No, this Audi does not feel nearly as sharp or as honed as its competitors. More specifically, the RS5 is not as demanding from the driver as a BMW M4 or Mercedes C63 and in my opinion, the RS5 borders on the lines of a grand tourer rather than a dedicated sports car. With all-wheel drive traction, the RS5 instills a surprising amount of confidence to the driver than the latter two but it doesn’t push you to drive fast or aggressively, rather it’s more suited towards leisure cruising at a steady and controlled pace.
The RS5 is unusually comfortable whether travelling on the highway or over broken pavement in Toronto, positively adding to its roadtrip capabilities. The adaptive suspension is so well tuned that it simply soaks up reverberations and spits on the tarmac, even on these 20-inch wheels. There are two damper modes to choose from but the latter Dynamic mode is way too stiff for anything but the track, so don’t even bother. I tried it and couldn’t even adjust the navigation screen without knocking the volume button.
The RS5 carries some stunning sheetmetal with flared fenders, a unique honeycomb grill (front license plates be damned), and those iconic fist-sized exhaust tips that let it stand out from the civilian S5. Audi has been on a bit of a roll lately with their modern design language, and I’ve frankly fallen head over heels on this 5’er lineup. I’m not too sure what is going on with those fake air vents on each side of the head- and taillights, though.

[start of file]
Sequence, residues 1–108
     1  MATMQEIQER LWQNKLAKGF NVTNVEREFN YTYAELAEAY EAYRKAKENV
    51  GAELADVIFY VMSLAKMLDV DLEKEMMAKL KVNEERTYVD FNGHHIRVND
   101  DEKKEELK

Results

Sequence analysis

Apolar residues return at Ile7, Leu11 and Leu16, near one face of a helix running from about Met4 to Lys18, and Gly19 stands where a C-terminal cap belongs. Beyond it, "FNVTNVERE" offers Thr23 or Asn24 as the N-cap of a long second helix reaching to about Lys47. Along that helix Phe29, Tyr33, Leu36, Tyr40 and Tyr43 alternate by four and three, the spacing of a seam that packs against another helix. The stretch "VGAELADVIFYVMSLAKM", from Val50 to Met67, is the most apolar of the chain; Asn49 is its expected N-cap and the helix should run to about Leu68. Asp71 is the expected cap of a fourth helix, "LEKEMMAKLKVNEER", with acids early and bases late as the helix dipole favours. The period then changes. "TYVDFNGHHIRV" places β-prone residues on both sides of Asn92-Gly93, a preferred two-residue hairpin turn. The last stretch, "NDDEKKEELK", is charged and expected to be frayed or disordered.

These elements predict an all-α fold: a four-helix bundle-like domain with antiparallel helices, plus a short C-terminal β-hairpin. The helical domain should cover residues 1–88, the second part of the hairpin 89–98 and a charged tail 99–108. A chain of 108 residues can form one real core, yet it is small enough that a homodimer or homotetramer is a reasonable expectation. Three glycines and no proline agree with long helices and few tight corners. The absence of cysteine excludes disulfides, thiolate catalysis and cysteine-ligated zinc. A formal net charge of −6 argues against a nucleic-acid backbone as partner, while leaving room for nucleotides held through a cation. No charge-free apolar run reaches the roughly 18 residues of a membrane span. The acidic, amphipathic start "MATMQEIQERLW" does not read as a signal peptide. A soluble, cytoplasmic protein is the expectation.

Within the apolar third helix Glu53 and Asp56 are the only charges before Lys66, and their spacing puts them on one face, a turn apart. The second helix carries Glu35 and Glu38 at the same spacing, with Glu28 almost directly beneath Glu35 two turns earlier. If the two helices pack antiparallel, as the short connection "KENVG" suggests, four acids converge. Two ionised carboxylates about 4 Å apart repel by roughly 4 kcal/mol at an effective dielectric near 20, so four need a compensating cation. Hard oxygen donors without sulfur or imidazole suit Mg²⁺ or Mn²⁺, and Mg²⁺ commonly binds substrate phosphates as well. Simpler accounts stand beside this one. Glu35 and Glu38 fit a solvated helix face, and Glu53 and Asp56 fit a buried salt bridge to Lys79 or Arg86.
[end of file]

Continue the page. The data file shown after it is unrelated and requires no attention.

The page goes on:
Downsizing does have its benefits, namely in weight and fuel consumption. The engine has shaved off a bit of weight and it shows - the front nose is more eager to change direction and dig into the tarmac. Understeer only shows up when you’re really testing its limits, otherwise the RS5 stays planted and grippy. Fuel consumption is exceptional, and we averaged 12.4 L/100km with roughly half city and half highway driving.
Alas, the biggest detriment to downsizing is the exhaust noise, or lack of it. At low rpms, you can floor the throttle and hear nothing but wind as the RS5 slices through the air. Only when you get on the gas hard and select Dynamic mode, will the V6 finally come alive with burbles on overrun and a deep baritone snort on upshifts. It’s not a bad noise, but not an exciting one either. I just drove the RS5 back to back with a Mercedes-AMG GLA 45 with a petit four-cylinder engine, and I hate to admit it but the AMG sounded much better. The RS5 feels muted, relaxed, and unstrained, like a purring lion with strep throat. Have a listen to our Exhaust Notes video above to hear the full soundtrack for yourself.
If exhaust noise is of great importance, and you want your car to sound as sporty as it looks, then this might be the deal breaker. That massive wall of torque is a decent trade off considering how dramatically it changes the RS5’s driving behaviour but alas, the high-revving V8 wail will be dearly missed, a trait that the rivaling AMG wisely provides.